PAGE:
Finance Minister Arun Jaitley is expected to provide some tax breaks to the salaried class in Saturday’s Budget, analysts say. To compensate for the shortfall in revenues, Mr Jaitley may hike indirect taxes, including customs duty on crude oil imports, analysts say.
“It is likely that customs duty may be re-imposed on crude oil to boost revenue buoyancy,” said domestic research agency ICRA.
Customs duty on crude oil was removed in June 2011, when prices had soared to about $120 a barrel. Brent crude is currently trading at $60 per barrel.
Re-imposition of 5 per cent customs duty on crude oil imports could shore up revenues by $3 billion (or Rs 18,000 crore at 60 rupee per dollar) and create a level playing field for domestic producers, analysts say.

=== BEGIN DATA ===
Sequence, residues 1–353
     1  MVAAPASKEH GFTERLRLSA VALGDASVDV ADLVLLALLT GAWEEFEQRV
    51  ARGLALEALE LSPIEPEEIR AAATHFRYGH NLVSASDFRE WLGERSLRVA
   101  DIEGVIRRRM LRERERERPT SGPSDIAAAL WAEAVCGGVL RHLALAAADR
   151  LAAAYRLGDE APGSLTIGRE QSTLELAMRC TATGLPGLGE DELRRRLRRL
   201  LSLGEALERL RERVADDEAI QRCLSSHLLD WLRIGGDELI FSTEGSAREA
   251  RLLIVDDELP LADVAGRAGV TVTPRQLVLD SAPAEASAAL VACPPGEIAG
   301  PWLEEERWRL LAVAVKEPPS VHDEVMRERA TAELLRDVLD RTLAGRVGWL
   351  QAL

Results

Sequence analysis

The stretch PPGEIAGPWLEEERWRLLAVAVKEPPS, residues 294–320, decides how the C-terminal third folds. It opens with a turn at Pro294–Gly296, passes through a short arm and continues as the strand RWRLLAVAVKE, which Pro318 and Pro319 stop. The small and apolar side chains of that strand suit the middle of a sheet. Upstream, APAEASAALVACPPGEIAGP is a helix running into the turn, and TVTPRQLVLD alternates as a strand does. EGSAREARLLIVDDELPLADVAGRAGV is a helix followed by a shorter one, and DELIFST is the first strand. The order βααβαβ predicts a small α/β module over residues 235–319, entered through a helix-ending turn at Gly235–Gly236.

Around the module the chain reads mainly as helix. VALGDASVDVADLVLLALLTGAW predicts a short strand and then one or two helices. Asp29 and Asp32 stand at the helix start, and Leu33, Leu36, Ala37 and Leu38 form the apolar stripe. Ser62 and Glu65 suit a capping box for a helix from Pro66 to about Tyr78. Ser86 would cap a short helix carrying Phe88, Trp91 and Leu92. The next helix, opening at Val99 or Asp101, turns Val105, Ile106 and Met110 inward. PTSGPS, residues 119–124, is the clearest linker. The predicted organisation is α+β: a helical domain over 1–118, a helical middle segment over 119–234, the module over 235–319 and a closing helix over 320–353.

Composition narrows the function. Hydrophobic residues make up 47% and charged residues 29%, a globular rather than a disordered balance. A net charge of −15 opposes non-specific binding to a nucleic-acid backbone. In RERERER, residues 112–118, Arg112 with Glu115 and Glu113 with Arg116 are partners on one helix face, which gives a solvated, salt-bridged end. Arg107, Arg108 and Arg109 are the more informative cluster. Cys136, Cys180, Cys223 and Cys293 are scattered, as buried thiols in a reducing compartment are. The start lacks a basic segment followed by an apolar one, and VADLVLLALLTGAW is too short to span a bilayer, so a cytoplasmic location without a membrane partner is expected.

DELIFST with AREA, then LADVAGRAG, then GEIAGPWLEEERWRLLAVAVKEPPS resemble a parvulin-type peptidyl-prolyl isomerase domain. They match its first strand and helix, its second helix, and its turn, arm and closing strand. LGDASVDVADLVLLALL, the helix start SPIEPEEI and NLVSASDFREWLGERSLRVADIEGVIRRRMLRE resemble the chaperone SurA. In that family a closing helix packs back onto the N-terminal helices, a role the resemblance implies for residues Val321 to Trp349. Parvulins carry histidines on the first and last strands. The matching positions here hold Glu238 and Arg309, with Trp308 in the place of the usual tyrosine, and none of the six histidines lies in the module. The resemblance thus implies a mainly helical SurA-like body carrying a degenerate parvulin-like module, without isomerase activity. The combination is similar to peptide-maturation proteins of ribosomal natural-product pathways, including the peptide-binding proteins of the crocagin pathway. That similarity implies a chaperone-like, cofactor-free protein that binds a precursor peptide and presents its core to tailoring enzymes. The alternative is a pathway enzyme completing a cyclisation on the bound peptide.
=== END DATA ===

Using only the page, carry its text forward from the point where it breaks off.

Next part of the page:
Currently, imports do not attract duty, but domestically produced crude oil attracts 2 per cent Central Sales Tax (CST). Thus, 20 per cent of India’s crude oil consumption that comes from domestic oil fields is taxed, whereas 80 per cent of imported oil goes untaxed.
Mr Jaitley, in his first full-year Budget on February 28, may seek to address the anomaly, analysts said. The government may choose to lower the customs duty when international oil prices rise and shield consumers.
If customs duty on crude is hiked, prices of petrol and diesel will go up, analysts say.
Meanwhile, tax payers in higher brackets, could have to pay market rates for cooking gas, StanChart said, quoting media reports.
“Cooking gas subsidies granted to recipients in the 20 per cent or 30 per cent income-tax brackets will likely be eliminated. So those in higher tax brackets may have to pay market prices for LPG,” the investment bank said
Updated At 6:05 Pm 27/FEB/Delhi/India.